Energy and Climate Change
June 15, 2016
Can U.S., nations meet emission goals?

With oil prices low, natural gas use growing and coal in decline, the U.S. energy sector continues to experience turmoil. The coal industry has lost 94 percent of its market value in the last five years as natural gas has virtually overtaken coal as the top fuel for electricity production. The industry also is wrestling with the consequences of climate change. Nearly 200 nations agreed at a summit in Paris in late 2015 to reduce greenhouse gas emissions to limit the rise in global temperatures. The Obama administration has unveiled its Clean Power Plan to lower power plants’ carbon emissions, but opponents have sued to block it. However, many states are addressing components of the plan — even some of the so-called coal states that are fighting the policy.

An excavator mines coal at Peabody Energy Corp.’s Somerville Central mine in Oakland City, Ind. (Getty Images/Bloomberg/Luke Sharrett)   An excavator mines coal at Peabody Energy Corp.’s Somerville Central mine in Oakland City, Ind. (Getty Images/Bloomberg/Luke Sharrett)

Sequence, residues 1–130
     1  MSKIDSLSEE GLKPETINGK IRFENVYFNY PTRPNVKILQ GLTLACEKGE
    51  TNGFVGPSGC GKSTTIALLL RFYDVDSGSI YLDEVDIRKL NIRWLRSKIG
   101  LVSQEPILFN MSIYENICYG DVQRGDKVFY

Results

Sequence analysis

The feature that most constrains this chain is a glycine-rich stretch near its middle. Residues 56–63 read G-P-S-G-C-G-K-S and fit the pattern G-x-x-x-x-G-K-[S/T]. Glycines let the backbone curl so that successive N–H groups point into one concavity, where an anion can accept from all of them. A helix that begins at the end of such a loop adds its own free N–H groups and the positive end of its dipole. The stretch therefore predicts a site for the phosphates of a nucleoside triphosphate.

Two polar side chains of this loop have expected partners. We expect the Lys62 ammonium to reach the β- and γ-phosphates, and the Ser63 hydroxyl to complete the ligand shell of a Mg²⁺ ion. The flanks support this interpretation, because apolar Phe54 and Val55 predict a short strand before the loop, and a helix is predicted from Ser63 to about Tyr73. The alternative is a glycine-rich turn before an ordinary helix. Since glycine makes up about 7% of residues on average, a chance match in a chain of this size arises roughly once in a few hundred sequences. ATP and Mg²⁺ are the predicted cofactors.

The world’s largest coal producer, Peabody Energy, filed for bankruptcy protection on April 13. The St. Louis-based company blamed excessive regulation, reduced demand in China and competition from other energy sources, particularly natural gas. Footnote 1 The energy industry is undergoing a seismic shift: Amid stiff competition from natural gas and renewables, as well as other challenges, four other U.S. coal companies filed for bankruptcy in the past year. And in the last five years, the coal industry has lost 94 percent of its market value — the price at which it would trade in the marketplace. Footnote 2

The bankruptcies do not mean coal will completely disappear as a key energy source. Last year, coal generated one-third of the electricity in the United States, according to the Energy Information Administration. Footnote 3 Some projections see that percentage holding for at least the next 25 years. Footnote 4 In addition, the world’s appetite for energy will increase as many developing nations continue to grow and urbanize. Coal may be dirty, but it is easy and cheap to burn.

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